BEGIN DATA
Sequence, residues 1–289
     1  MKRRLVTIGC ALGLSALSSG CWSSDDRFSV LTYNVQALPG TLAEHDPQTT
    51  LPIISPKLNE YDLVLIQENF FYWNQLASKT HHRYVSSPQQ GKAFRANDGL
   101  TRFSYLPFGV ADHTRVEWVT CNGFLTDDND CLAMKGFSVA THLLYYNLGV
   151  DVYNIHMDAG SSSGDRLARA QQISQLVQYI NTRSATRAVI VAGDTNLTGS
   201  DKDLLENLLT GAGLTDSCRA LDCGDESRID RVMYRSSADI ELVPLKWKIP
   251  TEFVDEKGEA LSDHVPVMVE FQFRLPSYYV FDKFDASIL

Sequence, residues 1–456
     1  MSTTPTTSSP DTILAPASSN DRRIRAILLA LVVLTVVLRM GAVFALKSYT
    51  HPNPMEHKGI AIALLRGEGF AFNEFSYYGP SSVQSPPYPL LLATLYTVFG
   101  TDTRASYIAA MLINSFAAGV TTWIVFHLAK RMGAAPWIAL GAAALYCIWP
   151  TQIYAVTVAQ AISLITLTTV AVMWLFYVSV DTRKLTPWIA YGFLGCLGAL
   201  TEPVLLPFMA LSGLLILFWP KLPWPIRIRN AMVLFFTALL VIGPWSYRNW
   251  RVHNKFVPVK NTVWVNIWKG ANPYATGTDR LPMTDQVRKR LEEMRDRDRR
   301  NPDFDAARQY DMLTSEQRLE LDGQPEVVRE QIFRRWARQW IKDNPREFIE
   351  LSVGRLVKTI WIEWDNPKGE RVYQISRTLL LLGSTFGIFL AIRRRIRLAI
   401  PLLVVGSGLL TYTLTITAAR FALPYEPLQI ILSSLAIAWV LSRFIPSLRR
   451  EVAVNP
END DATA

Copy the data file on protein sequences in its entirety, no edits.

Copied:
Sequence, residues 1–289
     1  MKRRLVTIGC ALGLSALSSG CWSSDDRFSV LTYNVQALPG TLAEHDPQTT
    51  LPIISPKLNE YDLVLIQENF FYWNQLASKT HHRYVSSPQQ GKAFRANDGL
   101  TRFSYLPFGV ADHTRVEWVT CNGFLTDDND CLAMKGFSVA THLLYYNLGV
   151  DVYNIHMDAG SSSGDRLARA QQISQLVQYI NTRSATRAVI VAGDTNLTGS
   201  DKDLLENLLT GAGLTDSCRA LDCGDESRID RVMYRSSADI ELVPLKWKIP
   251  TEFVDEKGEA LSDHVPVMVE FQFRLPSYYV FDKFDASIL

Sequence, residues 1–456
     1  MSTTPTTSSP DTILAPASSN DRRIRAILLA LVVLTVVLRM GAVFALKSYT
    51  HPNPMEHKGI AIALLRGEGF AFNEFSYYGP SSVQSPPYPL LLATLYTVFG
   101  TDTRASYIAA MLINSFAAGV TTWIVFHLAK RMGAAPWIAL GAAALYCIWP
   151  TQIYAVTVAQ AISLITLTTV AVMWLFYVSV DTRKLTPWIA YGFLGCLGAL
   201  TEPVLLPFMA LSGLLILFWP KLPWPIRIRN AMVLFFTALL VIGPWSYRNW
   251  RVHNKFVPVK NTVWVNIWKG ANPYATGTDR LPMTDQVRKR LEEMRDRDRR
   301  NPDFDAARQY DMLTSEQRLE LDGQPEVVRE QIFRRWARQW IKDNPREFIE
   351  LSVGRLVKTI WIEWDNPKGE RVYQISRTLL LLGSTFGIFL AIRRRIRLAI
   401  PLLVVGSGLL TYTLTITAAR FALPYEPLQI ILSSLAIAWV LSRFIPSLRR
   451  EVAVNP